Steve Lacy’s Gemini Rights eclipses all expectations

Noelle Whorf '23, Copy Editor

Courtesy of Google images.

Amidst an influx of summer album releases, Steve Lacy has managed to light up his side of the stage with his sophomore album, Gemini Rights.

The breakout success of this project is a pivotal moment in Lacy’s career, which can be largely attributed to the popularity of Bad Habit. This song has quickly taken over platforms like TikTok, so it’s safe to say that Lacy has stopped the internet in its tracks.
As for my interpretation of the album, I see it as a story told chronologically, best when listened to in its entirety. The tracklist consists of ten songs, all sonically unique but somehow cohesive as a unit.

Lacy kicks off the project with Static, expressing frustration towards his previous relationship. In track three, ‘Buttons,’ he eases up to the idea of loving this person again and the excitement it brings him.

Towards track seven, Amber, Lacy goes through the cyclical motions of heartbreak once more, only to counter himself by the final track, Give You The World. He offers himself to the same love interest, saying “I’m gonna love you like you were new,” and closes the album in hopeful spirit.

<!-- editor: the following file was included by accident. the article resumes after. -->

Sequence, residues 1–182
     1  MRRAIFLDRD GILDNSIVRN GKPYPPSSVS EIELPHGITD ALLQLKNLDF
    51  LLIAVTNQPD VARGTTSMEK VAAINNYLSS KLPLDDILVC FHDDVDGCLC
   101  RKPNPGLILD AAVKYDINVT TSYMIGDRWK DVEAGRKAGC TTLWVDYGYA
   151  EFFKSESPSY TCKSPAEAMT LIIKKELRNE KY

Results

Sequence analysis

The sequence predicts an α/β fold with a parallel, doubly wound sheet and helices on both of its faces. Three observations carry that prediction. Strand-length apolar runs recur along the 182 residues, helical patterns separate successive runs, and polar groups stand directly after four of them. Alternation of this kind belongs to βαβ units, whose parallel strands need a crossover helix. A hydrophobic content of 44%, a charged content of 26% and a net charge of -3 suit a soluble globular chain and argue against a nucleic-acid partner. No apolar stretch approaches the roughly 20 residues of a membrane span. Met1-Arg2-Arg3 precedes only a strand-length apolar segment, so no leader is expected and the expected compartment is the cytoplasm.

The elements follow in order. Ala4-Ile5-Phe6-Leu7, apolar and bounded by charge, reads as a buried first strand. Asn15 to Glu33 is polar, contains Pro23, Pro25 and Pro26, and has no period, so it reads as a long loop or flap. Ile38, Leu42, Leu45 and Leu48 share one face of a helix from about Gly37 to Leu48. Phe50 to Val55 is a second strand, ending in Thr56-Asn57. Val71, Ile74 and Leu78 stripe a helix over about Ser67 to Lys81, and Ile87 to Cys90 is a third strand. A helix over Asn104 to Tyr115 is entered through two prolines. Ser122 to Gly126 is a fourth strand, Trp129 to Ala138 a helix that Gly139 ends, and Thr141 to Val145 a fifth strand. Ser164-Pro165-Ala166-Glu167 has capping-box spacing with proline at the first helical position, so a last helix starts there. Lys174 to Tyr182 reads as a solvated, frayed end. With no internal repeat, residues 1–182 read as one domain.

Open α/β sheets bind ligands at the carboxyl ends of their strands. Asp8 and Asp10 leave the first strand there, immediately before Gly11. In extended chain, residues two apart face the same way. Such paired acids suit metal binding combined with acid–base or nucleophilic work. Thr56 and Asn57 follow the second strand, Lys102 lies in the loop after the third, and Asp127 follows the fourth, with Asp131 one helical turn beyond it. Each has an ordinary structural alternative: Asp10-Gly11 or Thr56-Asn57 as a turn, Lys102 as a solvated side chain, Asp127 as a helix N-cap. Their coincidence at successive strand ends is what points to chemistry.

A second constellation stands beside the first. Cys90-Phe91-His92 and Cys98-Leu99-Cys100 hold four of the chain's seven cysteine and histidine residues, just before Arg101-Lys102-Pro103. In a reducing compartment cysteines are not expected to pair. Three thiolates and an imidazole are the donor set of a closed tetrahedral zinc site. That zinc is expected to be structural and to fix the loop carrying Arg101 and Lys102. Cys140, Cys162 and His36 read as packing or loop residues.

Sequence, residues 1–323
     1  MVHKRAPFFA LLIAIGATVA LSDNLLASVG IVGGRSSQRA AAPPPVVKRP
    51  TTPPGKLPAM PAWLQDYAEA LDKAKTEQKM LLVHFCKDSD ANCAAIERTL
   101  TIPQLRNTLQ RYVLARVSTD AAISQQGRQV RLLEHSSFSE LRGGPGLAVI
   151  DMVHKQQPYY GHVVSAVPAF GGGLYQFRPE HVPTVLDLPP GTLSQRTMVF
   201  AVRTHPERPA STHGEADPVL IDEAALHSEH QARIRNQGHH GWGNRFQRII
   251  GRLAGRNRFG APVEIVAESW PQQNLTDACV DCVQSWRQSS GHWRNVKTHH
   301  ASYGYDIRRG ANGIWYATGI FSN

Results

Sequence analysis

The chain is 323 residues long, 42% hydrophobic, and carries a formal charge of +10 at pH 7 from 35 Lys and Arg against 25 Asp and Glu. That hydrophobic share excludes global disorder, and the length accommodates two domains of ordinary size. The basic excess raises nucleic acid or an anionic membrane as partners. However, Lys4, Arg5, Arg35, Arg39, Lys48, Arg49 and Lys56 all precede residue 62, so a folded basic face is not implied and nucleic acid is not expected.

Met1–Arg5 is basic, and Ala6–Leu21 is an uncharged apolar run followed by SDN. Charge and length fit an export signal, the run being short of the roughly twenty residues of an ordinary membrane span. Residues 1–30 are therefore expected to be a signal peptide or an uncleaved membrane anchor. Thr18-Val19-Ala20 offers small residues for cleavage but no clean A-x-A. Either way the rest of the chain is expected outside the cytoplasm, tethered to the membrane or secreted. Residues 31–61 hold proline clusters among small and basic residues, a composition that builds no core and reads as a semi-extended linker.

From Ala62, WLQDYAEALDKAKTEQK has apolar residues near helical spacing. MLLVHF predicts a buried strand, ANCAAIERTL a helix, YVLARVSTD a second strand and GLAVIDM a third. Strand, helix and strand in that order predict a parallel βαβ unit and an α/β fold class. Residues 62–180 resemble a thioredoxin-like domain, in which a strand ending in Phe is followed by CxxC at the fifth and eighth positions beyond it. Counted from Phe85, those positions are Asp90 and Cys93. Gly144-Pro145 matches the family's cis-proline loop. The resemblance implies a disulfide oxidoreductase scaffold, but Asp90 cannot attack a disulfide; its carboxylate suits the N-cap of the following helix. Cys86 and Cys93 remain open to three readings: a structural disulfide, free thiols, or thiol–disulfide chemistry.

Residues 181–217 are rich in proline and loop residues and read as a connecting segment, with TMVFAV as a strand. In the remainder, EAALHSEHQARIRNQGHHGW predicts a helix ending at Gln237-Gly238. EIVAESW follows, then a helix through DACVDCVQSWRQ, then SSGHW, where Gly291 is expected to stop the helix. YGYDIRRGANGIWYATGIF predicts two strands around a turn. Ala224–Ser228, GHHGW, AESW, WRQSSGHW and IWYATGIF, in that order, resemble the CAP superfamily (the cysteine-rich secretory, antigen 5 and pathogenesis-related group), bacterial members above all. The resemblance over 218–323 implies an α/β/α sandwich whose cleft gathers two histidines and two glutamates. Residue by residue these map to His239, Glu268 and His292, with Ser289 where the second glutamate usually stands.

One of my favorites on the track-list is track two, Helmet. The lyrics juxtapose upbeat instrumentals, as Lacy sings about overbearing love that he is unable to reciprocate.

“I tried my best to be worth all your while, you just gotta let me go as I’m tryna let go of you” is Lacy’s way of admitting defeat, no longer capable of being himself and being in this relationship simultaneously.
Another favorite of mine is Amber. In this song, Lacy exhibits a different kind of resentment towards this love interest–not for the affliction they’ve caused him, but for the fact that he can’t stop thinking about them despite their chaotic history.

Upon repeated listens, I came to appreciate Lacy’s unapologetic honesty. Even if you can’t relate to his stories, the album is certainly worth listening to for its catchiness and Lacy’s impressive melodic range. For that, I appraise Gemini Rights with five out of five stars.